Concieved on the cusp of WWII, Graves and Hodge’s guide to writing prose in the English language was developed in an effort to preserve some semblance of certainty at a time when life, as they knew it, was about to become a memory. The Reader Over Your Shoulder is not only a guide for creating clear and impactful prose; it is also an exploration of the history of writing in English, peculiarities of the language itself, and the many styles of writing that can be crafted from it. Above all else, Graves and Hodge shepherd us through the essential techniques needed to set down our thoughts with clarity and grace. 

Bird by Bird by Anne Lamott

Memoir20th Century

Perhaps Bird by Bird is so widely beloved because it honestly acknowledges the terror and self-loathing that can be felt by so many of us who endeavor to write. With humor, warmth, and practicality, novelist and essayest, Anne Lamott offers her wisdom on dealing with “shitty” first drafts (“the child’s draft”), perfectionism (“the voice of the oppressor, the enemy of the people”), how to quiet negative voices (“say to yourself in the kindest possible way, Look, honey, all we are going to do right now is write a description of the river at sunrise…”) and how to get started on a short assignment (write down as much as you can see “through a one-inch picture frame”). Over and over within this little gem of a book, Lamott gives us the gift of light in the void of self-doubt.

On Writing by Stephen King

Memoir21st Century

“Sometimes you’re doing good work when it feels like all you’re managing is to shovel shit from a sitting position.” This is Stephen King’s way of telling us to just keep writing, even if we feel like the entire enterprise is useless. Indeed, of all the advice the prolific novelist doles out in this Memoir of the Craft, the one that resonates most is that in order to learn how to write well, one must practice writing “without fear and affectation” and dispense with the notion that there is actually “good” or “bad” writing. With his razor-sharp honesty and biting humor, King reminds us that the real monster in every writer’s closet is him or herself.

Erotic Memoirs

Librarian

Times Square Red, Times Square Blue by Samuel R. Delany

EroticMemoirCultural History20th Century

Samuel R. Delany, best known for his groundbreaking science fiction, chronicles his escapades on Forty-second street in this vivid and honest memoir. If you were even mildly tickled by David Simon’s attempt to recapture the glory days of Times Square smut in The Deuce, you will likely delight in Delany’s nostalgic descent into the recesses of the theaters, peep shows, and toy shops, while he describes a world in which men, both straight and gay, felt the freedom to indulge in their desires and at the same time tap into a tenuous yet potent feeling of camaraderie and community that has long since been replaced by cartoon musicals and personal handheld devices.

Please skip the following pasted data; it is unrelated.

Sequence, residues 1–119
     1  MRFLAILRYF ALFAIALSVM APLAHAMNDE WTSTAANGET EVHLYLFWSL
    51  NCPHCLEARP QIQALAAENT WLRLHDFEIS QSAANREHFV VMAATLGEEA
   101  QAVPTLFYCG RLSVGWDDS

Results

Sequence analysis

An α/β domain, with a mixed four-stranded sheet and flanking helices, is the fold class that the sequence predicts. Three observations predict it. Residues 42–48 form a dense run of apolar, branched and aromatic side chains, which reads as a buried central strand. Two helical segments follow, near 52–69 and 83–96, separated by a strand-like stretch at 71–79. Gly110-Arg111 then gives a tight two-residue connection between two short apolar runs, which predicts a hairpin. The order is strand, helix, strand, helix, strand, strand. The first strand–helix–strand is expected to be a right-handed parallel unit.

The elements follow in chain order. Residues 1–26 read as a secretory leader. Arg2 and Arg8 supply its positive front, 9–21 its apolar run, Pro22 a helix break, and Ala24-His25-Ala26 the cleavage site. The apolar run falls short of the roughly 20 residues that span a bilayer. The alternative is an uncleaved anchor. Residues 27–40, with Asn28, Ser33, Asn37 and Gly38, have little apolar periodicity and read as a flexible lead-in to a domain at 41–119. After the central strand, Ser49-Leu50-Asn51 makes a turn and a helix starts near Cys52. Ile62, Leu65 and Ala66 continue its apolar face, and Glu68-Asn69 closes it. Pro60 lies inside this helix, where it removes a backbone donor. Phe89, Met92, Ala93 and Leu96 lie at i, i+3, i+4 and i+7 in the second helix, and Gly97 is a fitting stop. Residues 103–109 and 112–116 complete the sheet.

The Surrender by Toni Bentley

EroticMemoir21st Century

Dancer Toni Bentley is effusive and at times hyperbolic in her admiration for backdoor bliss, but despite the dramatic flair, her memoir can’t help being both sincere and charming in its way. By exalting both the physical sensation and the incredible sense of power and release she feels while engaging in the act of anal sex, Bentley makes a convincing plug for those who have yet to cross this particular Rubicon. 

A Letter From My Father: The Strange, Intimate Correspondence of W. Ward Smith to His Son Page Smith by Page Smith

EroticMemoir20th Century

Strange and intimate indeed! Upon his father’s death in 1968, Page Smith was bequeathed the epic letter that his father had intended for him to read and learn from.  In between the mundane details of his business and family life, W. Ward Smith frequently litters his missive with intensely graphic retellings of his gluttonous sexual escapades that spanned decades. Thankfully, Page Smith rejected his initial impulse to burn the over ten-thousand pages, and instead decided to publish A Letter From My Father, making it a rare and abundant social/sexual document written by a genuine and prolific libertine. 

Whimsical, Satirical, and Charming

Hidden Figures

Three Men in a Boat by Jerome K. Jerome

In the 1880s, leisure boating took hold in Great Britain, and thus Jerome K. Jerome planned a trip to write a Thames boating travelogue. He ended up, after traveling with two friends up the river from Kingston to Oxford, with a witty, whimsical, and thoroughly charming little book. Refreshing and unrushed, an absolute charmer.

Jurgen by James Branch Cabell

He counted among his admirers H. L. Mencken, Mark Twain, and Sinclair Lewis, and wrote dozens of novels set in an arch and very adult fantasy world. Jurgen won Cabell notoriety for its supposed salaciousness – our hero is a serial seducer which did not go over well in 1919 America, but sex is not the point – satire and deft writing is as Jurgen goes all the way to Hell on his travels.

The Complete Stories of Saki by H. H. Munro

A vengeful ferret deity, a talking cat, a woman reincarnated as an otter, and the foibles of countless upper-class twits – Saki merged the strange, the silly, and the laughable in dozens of compact and memorable stories set among the toffs in Great Britain pre-WWI. Clever young boys and devious young men are his favorite heroes, but there’s a bite of nasty delight in all his work.